kinzl015: April 2012 Archives

Throughout this course, I have learned about many psychological theories; however, one major concept that particularly stuck with me was the one concerning how personality develops. Is it nature? Is it nurture? Or is it both?

twins.jpgThis topic has made such a great impact on me because I am an identical twin and I believe both environment AND genetics play a major role in personality. My twin and I have grown up in the same house and shared the same room for 18 years. We've always had the same interest in music, friends, humor, food and style and have always enjoyed the same activities. Last fall, however, we finally separated for the first time as we left for different colleges. She stayed in Milwaukee, Wisconsin and I decided to venture off to Minneapolis.

During spring break, we finally were able to reunite. Although we hadn't seen each other in six months, our interests were still relatively the same. We still found the same things funny, liked the same type of guys, and even had matching songs downloaded on to our IPods! However, our interests in social activities changed, majorly due to our different social environments and friends. While I began to prefer more low-key and close setting outings, she enjoyed more of the bigger scene. This change in social activity interests was due in large part to our new group of friends we hung around with in our new college settings. This further cemented my belief in the dual impact of the environment and genetics on personality.

Because this issue of nature vs. nurture can be applied to my own life, it made a great impact on me. I will always remember this debate and apply it to future personality situations I encounter as an identical twin later in my life.

Throughout this course, I have learned about many psychological theories; however, one major concept that particularly stuck with me was the one concerning how personality develops. Is it nature? Is it nurture? Or is it both?

twins.jpgThis topic has made such a great impact on me because I am an identical twin and I believe both environment AND genetics play a major role in personality. My twin and I have grown up in the same house and shared the same room for 18 years. We've always had the same interest in music, friends, humor, food and style and have always enjoyed the same activities. Last fall, however, we finally separated for the first time as we left for different colleges. She stayed in Milwaukee, Wisconsin and I decided to venture off to Minneapolis.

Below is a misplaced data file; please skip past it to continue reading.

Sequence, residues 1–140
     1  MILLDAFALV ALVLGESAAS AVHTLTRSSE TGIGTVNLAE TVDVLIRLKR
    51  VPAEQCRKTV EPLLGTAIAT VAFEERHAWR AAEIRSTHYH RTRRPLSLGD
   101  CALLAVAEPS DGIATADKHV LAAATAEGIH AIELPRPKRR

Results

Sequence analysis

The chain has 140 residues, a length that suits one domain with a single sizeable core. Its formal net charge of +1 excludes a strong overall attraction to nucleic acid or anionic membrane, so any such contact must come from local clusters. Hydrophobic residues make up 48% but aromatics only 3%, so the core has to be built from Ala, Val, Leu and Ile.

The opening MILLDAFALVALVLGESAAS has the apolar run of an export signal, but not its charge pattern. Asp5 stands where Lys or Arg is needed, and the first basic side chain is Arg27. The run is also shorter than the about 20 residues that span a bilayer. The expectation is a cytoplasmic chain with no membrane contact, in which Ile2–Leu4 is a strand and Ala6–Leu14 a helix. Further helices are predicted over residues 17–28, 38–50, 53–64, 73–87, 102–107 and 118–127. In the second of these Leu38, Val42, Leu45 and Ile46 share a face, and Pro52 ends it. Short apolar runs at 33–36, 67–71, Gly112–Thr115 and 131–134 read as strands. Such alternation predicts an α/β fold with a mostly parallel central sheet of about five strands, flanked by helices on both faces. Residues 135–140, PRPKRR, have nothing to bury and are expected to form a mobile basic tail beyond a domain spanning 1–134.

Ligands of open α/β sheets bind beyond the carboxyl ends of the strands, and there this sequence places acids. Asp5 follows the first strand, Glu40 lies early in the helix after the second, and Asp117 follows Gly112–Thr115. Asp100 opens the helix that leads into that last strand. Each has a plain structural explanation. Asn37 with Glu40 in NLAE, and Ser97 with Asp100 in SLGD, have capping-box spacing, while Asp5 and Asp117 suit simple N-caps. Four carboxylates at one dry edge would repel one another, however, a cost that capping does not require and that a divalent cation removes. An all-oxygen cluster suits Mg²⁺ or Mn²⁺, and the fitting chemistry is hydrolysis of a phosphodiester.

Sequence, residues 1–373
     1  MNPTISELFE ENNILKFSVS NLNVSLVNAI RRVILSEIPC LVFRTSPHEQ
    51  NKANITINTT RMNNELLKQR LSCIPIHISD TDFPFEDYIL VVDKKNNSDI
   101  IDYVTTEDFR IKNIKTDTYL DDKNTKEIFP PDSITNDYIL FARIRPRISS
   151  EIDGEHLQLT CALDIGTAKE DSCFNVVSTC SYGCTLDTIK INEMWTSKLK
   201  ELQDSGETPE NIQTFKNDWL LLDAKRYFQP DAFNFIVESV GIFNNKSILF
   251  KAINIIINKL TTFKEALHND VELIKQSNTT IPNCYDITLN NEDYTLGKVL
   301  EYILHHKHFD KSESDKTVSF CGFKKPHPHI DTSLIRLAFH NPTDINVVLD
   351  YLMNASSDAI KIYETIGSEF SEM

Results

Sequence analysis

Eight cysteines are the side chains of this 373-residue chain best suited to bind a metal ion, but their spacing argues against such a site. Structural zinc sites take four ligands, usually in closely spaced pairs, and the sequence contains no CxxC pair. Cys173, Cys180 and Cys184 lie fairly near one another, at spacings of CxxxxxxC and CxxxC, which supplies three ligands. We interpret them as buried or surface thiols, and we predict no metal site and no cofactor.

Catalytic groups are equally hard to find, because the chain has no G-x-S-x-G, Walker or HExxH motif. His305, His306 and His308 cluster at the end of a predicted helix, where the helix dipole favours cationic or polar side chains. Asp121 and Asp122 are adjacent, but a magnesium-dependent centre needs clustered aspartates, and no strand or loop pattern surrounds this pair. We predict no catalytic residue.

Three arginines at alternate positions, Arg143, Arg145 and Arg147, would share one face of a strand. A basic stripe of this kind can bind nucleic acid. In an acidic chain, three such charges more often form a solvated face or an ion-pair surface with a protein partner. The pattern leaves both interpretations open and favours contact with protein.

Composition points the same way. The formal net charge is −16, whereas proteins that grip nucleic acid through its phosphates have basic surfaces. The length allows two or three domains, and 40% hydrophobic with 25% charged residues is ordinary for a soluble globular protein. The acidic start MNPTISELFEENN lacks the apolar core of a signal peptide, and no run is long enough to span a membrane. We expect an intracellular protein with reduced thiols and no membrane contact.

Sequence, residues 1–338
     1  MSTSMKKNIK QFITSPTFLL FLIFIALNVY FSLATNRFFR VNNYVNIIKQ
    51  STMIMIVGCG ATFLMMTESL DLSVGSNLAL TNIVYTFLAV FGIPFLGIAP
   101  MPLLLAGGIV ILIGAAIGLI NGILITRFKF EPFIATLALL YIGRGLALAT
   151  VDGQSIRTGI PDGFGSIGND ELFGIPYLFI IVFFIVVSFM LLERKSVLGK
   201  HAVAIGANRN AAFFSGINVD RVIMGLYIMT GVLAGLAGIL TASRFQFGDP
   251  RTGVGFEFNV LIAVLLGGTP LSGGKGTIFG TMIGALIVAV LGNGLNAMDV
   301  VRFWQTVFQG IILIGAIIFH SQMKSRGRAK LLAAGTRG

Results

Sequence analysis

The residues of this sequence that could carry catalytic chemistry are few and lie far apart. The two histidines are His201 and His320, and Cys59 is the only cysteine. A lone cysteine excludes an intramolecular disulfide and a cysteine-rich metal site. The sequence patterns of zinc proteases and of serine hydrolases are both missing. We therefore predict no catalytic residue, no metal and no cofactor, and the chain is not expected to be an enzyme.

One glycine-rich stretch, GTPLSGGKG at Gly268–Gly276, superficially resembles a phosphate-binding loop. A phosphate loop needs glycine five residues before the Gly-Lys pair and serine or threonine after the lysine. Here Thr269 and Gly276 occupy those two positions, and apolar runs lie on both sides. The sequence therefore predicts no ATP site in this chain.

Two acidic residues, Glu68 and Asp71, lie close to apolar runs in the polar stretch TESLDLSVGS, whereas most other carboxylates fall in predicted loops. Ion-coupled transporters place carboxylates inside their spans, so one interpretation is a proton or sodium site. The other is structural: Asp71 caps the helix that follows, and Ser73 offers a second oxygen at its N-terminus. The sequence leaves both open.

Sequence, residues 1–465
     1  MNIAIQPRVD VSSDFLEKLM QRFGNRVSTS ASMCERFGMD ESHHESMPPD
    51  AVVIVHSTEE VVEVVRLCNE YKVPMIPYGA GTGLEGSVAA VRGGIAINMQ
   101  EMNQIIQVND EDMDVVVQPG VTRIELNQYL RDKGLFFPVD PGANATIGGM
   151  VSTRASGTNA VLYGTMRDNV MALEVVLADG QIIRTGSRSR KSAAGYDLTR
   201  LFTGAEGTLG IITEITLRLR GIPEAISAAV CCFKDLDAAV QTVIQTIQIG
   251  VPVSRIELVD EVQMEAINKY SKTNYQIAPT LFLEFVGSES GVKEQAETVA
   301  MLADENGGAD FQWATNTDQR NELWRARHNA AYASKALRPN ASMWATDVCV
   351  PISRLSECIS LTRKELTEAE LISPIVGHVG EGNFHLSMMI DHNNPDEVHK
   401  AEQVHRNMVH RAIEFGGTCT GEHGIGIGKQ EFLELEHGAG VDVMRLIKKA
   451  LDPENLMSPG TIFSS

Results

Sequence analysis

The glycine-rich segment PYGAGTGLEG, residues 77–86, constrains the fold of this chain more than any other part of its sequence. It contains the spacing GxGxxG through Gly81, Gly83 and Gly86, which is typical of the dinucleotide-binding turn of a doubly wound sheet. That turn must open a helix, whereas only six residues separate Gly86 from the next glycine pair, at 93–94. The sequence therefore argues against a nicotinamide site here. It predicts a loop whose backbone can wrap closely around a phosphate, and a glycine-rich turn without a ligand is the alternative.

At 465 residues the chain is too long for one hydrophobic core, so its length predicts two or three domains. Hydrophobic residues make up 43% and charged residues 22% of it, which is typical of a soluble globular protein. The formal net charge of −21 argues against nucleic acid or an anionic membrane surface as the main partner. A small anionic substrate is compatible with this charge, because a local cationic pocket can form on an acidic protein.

During spring break, we finally were able to reunite. Although we hadn't seen each other in six months, our interests were still relatively the same. We still found the same things funny, liked the same type of guys, and even had matching songs downloaded on to our IPods! However, our interests in social activities changed, majorly due to our different social environments and friends. While I began to prefer more low-key and close setting outings, she enjoyed more of the bigger scene. This change in social activity interests was due in large part to our new group of friends we hung around with in our new college settings. This further cemented my belief in the dual impact of the environment and genetics on personality.

Because this issue of nature vs. nurture can be applied to my own life, it made a great impact on me. I will always remember this debate and apply it to future personality situations I encounter as an identical twin later in my life.

voting-booth-6a00e54fa1b0a188340133f379ed6b970b.jpgSo I took the 2012 Implicit Associations Test and was quite surprised by the results!

In this task, I was asked to categorize "good" words, such as successful and wonderful, with white faces compared to "good" words with black faces as fast as I could. Afterwards I was asked to categorize presidential candidates with good words as fast as I could. The faster I categorized good words with one presidential candidate compared to the other candidate determined my implicit preference for that candidate. The same concept was measured when comparing white and black faces with good words: The faster I categorized good words with one racial group compared to the other exposed my hidden preference for that group.

The results of my test suggested that I had a MODERATE implicit preference for white people compared to black people and a SLIGHT implicit preference for Newt Gingrich compared to Mitt Romney.

I thought these results made sense for the most part. I wasn't surprised that I showed a higher preference toward Newt Gingrich due to his Republican affiliation; however, my white racial preference caught me off guard. Although I do not consider myself racist, I'll admit to stereotyping racial groups by using the shortcut way of thinking--the availability heuristic. The IAT revealed my subconscious racial predispositions and allowed me the opportunity to self-reflect on these test findings.

I think this test is very informative and sheds much light on the role racial attitudes and party affiliation plays on voting preferences. Although we may be unaware of some of our feelings, the IAT successfully exposes the impact implicit thinking has on our judgment, perception and action and also provides participants the opportunity for self-reflection on their individual results.

About this Archive

This page is an archive of recent entries written by kinzl015 in April 2012.

kinzl015: March 2012 is the previous archive.

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